“This project is truly the catalyst for that gateway to Georgetown and gateway to our airport,” said Mr. Horsey.

The proposal raised some council member questions and concerns.

“How vetted are these numbers because if the county is going to end up hopefully being in the business, I wonder how these numbers which driven solely from tournament revenue, camps; are they well vetted,” said councilman Irwin G. Burton, R-Lewes. “Can you really generate $100,000 for club practices?”

Mr. Schell said the foundation believes it can and will, largely through interest expressed by Hispanic soccer clubs, other organizations and in particular the Henlopen Soccer Club, which he said has already committed to $50,000. The project also has the support of the Seashore Striders cross country/running club and the First State Pickleball Club.

Mr. Burton also questioned the foundation’s initial plan to rent portable toilets. “I just think you’ve got to have a bathroom. My mom is not going to come and see her grand-kids play,” said Mr. Burton. ” You need a bathroom!”

Councilman George Cole, R-Ocean View, asked if the project will be done in phases. Mr. Schell said there will be no phasing, other than options for additional pickleball courts, given demand, and future plans to replace portable restrooms with permanent bathroom facilities.

Mr. Cole questioned the demand, noting the new DE Turf complex in Kent County and athletic facilities in the Salisbury area.

“Build it; they will come. What if they don’t?” said Mr. Cole. “I question that people will do what you are hoping they will do.”

Mr. Arlett questioned the $25,000 that Mr. Schell said is pledged from the town of Georgetown. Mr. Arlett suggested Georgetown might be the primary beneficiary of the complex and its amenities and thus should be asked to ante up more support.

“I would think we need to have more dialogue from residents that benefit most,” said Mr. Arlett.

“I don’t think that is a correct assumption.  If you look at the people that signed those support letters, there were way more people from other parts of Sussex County. Georgetown was a pretty small minority, other than the Hispanic soccer clubs,” said Mr. Schell.

“Do I think there is enough demand right here in Sussex County? Yes,” said Mr. Schell. “I think it’s wonderful it’s in the middle of the county. It is fortuitous that my son convinced me I should buy the land as a place for Sussex Academy. Before we did the exchange with Delmarva Christian, that is where Sussex Academy was going to go.”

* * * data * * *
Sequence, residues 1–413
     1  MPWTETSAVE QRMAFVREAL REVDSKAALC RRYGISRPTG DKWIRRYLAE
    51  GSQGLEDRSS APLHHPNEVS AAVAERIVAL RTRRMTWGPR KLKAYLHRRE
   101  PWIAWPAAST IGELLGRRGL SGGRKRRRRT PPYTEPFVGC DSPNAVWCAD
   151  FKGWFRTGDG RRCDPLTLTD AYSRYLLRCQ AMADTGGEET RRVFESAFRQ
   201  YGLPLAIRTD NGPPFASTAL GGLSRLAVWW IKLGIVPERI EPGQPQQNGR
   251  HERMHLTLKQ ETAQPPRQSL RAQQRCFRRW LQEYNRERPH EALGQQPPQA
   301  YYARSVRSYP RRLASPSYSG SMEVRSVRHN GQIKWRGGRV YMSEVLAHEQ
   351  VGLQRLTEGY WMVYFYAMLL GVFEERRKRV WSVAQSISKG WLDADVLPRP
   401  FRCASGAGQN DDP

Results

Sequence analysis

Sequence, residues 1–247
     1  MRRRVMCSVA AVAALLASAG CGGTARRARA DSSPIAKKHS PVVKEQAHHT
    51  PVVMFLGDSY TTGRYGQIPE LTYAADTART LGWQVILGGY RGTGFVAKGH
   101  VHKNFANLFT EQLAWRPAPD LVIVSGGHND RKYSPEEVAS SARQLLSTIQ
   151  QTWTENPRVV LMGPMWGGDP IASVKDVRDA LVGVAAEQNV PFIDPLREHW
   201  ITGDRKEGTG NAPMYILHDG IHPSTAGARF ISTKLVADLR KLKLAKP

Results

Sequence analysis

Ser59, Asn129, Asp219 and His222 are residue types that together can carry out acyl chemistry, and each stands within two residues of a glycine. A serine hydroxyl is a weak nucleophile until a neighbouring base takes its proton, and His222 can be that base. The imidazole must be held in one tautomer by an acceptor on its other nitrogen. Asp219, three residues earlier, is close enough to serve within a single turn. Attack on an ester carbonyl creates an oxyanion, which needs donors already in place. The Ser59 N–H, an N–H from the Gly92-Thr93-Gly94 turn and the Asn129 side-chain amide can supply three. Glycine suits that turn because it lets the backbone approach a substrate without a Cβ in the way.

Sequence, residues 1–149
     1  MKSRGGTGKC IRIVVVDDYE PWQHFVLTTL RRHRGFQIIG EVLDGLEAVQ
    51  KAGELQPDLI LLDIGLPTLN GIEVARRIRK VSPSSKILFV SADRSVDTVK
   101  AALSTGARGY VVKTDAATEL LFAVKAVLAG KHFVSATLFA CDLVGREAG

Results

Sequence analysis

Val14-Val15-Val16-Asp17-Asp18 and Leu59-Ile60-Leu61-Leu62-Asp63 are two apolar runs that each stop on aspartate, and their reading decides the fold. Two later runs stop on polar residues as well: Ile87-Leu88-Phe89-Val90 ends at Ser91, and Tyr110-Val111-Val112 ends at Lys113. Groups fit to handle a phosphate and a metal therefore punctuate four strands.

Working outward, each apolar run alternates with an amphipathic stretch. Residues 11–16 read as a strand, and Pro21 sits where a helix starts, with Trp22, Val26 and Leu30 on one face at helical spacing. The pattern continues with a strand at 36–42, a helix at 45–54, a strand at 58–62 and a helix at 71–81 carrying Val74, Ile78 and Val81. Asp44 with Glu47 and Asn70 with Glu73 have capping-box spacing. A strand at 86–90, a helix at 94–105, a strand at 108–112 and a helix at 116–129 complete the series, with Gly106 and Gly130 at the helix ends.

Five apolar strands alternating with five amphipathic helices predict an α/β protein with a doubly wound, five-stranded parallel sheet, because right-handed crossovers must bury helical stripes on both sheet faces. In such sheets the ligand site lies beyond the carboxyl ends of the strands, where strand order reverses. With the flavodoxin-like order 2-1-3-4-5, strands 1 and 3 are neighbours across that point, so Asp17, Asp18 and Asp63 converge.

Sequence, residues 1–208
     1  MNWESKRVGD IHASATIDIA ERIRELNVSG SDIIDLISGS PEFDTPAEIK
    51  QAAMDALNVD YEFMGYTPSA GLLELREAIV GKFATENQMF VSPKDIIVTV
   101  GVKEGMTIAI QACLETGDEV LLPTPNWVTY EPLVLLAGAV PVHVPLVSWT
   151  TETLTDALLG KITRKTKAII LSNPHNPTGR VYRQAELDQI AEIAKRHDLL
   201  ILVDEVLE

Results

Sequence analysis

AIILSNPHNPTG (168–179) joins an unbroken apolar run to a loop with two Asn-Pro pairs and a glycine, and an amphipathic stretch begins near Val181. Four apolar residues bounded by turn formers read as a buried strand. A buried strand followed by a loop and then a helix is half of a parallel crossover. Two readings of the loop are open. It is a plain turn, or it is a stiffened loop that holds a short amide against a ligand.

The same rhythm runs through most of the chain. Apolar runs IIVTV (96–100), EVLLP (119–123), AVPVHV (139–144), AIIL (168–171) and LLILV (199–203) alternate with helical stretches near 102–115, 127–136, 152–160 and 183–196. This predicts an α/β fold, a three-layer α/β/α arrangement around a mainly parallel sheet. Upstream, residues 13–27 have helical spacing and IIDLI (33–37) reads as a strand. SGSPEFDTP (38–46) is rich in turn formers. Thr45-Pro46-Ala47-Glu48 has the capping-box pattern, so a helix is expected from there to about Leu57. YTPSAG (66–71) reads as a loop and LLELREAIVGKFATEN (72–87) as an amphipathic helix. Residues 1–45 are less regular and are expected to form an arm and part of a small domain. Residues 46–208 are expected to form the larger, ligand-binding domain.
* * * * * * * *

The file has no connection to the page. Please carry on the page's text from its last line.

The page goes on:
“How would we pay $1.5 million in consideration of what we have seen today?” said Mr. Arlett.

“We do have $1 million in the capital budget for land improvements,” said Sussex County Finance Director Gina Jennings.

Mr. Arlett suggested perhaps reaching out to the town of Georgetown. Mr. Cole suggested looking into additional funding from next year’s fiscal year budget.

Mr. Schell explained that private funding will be utilized first. “We wouldn’t get around drawing your funds until mid-year next year,” he said. “I don’t think planning is a problem if you can get the other half a million dollars in next year’s budget.”

“Let’s digest all of this,” said Mr. Cole.

“It seems to me everybody is looking for leadership from the Sussex County … not from the federal government, not the town of Georgetown,” said Mr. Schell. “I think leadership from Sussex County Council would be very important to people of this county.”

No public hearing is planned, but council members want public input on this proposal and the $1.5 million request for county support. Members of the public can solicit comments and input through the county’s website, in writing or during the opening public comment segment at county council meetings. Public commentary is limited to three minutes per person.

“They have three options: website, send something in or come to the meeting,” said council president Michael Vincent, R-Seaford.

Mr. Horsey, whose family has been a longtime proponent of youth sports, acknowledged Mr. Schell for his generosity and donation of land.

“We wouldn’t be standing here today if it wasn’t for the generosity of Mr. Schell being willing to donate this property,” said Mr. Horsey. “It actually all started with a phone call from me to his son asking him what his pop was going to do with that land and if he would be interested in putting a soccer complex on it. That has since snowballed to here we are today standing before you.”

News Editor Glenn Rolfe can be reached at grolfe@newszap.com